Thursday, April 30, 2009
It took three tries and as usual OpenVPN stability was an issue, but I finally stole my own laptop without ever touching it.
It took almost thirteen hours, but that's within the limits of an unattended laptop in a "secure" location. Not everyone takes their laptop home, and if you work in an environment like I do, nobody likes to log off or reboot because it takes at the very least twenty minutes for your system to get back to normal (our specific problem is Outlook - it really has a hard time waking up in the morning).
Granted, the hard disk only had 20G of data on it. A bigger drive would have taken more time, bleeding into working hours and increasing the likelihood of an OpenVPN interruption, but as a Proof of Concept (PoC) the results are valid.
It would have taken four hours had the VMware vConverter taken full advantage of my cable connection. It never went over 585kBps for the duration of the transfer.
The first two attempts never went over 400. On those runs I was using vConverter 3.x. I upgraded to 4.x before the final run. I have a feeling, which I can't prove, that the free versions of the VMware Infrastructure tools might be crippleware. There is no reason for it not to have taken full advantage of my pipe. I have gotten the full bandwidth in other file transfer exercises between home and work and the CPU utilization on the source and destination systems was minimal-to-nothing.
As an added bonus, it turns out that nothing on the network even noticed that gigabytes of data were being sent out to the Internet for three full days! No alarms went off. No red flags went up. It didn't even show up in the reports generated every day by the Microsoft ISA (Internet Security & Acceleration) servers that "control and monitor" access to the Internet.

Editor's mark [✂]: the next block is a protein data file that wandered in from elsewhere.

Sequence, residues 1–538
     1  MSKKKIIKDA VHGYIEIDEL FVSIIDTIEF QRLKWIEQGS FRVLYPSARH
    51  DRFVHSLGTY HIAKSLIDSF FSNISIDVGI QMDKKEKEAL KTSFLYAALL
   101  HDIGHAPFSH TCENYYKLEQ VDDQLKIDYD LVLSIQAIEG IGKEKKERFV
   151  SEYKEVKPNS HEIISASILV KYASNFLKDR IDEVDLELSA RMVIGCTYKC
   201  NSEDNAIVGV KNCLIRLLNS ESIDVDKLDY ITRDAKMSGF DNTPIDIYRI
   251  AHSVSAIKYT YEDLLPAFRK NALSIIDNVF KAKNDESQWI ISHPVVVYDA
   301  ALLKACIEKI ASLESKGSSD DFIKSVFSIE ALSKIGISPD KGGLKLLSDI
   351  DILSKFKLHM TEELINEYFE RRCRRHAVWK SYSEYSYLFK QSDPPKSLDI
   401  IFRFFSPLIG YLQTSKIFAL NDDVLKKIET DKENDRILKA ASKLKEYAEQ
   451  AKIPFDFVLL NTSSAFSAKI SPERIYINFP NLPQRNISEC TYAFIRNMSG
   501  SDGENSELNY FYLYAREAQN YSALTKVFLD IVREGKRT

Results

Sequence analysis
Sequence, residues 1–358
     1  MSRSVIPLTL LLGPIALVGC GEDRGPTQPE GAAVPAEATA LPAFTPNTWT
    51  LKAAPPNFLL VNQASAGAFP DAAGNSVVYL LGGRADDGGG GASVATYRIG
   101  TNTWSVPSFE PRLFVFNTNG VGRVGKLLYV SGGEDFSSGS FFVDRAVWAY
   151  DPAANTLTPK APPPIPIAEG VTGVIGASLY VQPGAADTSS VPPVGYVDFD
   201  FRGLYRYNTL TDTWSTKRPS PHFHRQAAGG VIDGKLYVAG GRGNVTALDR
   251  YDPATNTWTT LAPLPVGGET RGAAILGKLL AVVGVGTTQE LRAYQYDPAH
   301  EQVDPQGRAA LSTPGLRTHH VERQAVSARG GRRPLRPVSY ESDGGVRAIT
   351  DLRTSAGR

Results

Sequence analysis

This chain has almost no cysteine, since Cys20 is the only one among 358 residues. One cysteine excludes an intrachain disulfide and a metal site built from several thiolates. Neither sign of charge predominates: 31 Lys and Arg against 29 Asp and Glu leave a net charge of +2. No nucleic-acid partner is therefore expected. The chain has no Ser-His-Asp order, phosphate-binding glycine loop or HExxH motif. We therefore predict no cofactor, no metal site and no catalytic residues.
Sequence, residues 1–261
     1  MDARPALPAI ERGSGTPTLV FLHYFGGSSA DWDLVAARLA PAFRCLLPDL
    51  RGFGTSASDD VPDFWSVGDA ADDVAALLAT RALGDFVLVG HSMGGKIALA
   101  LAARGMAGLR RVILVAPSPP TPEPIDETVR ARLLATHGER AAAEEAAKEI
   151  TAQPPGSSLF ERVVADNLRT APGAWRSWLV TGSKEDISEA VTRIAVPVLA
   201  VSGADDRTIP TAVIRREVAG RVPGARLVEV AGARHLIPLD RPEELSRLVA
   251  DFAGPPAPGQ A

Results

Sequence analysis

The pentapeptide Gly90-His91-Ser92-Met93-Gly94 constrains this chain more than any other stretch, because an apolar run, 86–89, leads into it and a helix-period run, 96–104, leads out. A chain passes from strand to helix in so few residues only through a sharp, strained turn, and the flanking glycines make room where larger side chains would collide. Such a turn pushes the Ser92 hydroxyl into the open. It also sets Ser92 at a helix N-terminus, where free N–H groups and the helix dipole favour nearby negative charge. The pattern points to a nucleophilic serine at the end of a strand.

Unbelievable! Especially considering it was me who set those reports up (and I wasn't even trying to hide anything).
The skeptics (I among them) will say, "Sure, you had admin access to the machine, what is so special about this 'hack'?"
That, my friends, is the whole point of this PoC. The environment I work in has 50+ "DesktopSupport" personnel that have admin access to every PC in our multi-campus WAN. Some of these people are complete, utter bozos who have been known to do idiotic things like Google for "flash upgrade" and then complain because the file they downloaded from a Ukrainian Web site gets pounced on by the anti-virus.
They are not too bright. Maybe that was an upper management decision. I could see the logic in that, but in my opinion stupid people are dangerous.
The problem is the smart ones, and the smart ones who act dumb (the dumb ones who act smart usually blow their own cover anyway).
This group of support personnel should be split up to support the different campuses, but with sick days, vacations, and scheduling conflicts it's just easier to give them access to everything.
Luckily, almost no one trusts them. But there is the "out of sight, out of mind" problem.
That aside, the Really Scary Issue - in my own mind - is my Big Shot Boss, the Chief Security Officer, cannot seem to grasp the power they have. Sure, the guy's at 35,000 feet and everyone looks like ants, but he's been out of the trenches for so long he doesn't realize what people can do with the access they have been handed on a silver platter.
He doesn't know that, by utilizing the tools built-in to Windows, these jokers can slurp up any file on any hard drive on any desktop across the Enterprise, deleting the security logs as they exit. If those logs were turned on, which they're not.
To him, and the rest of his ilk, the security problems we face are all about servers. Nobody cares that the desktop is an accident waiting to happen. When the desktop is pwn3d, the servers, the network, and the data will surely follow.
It's never the other way around.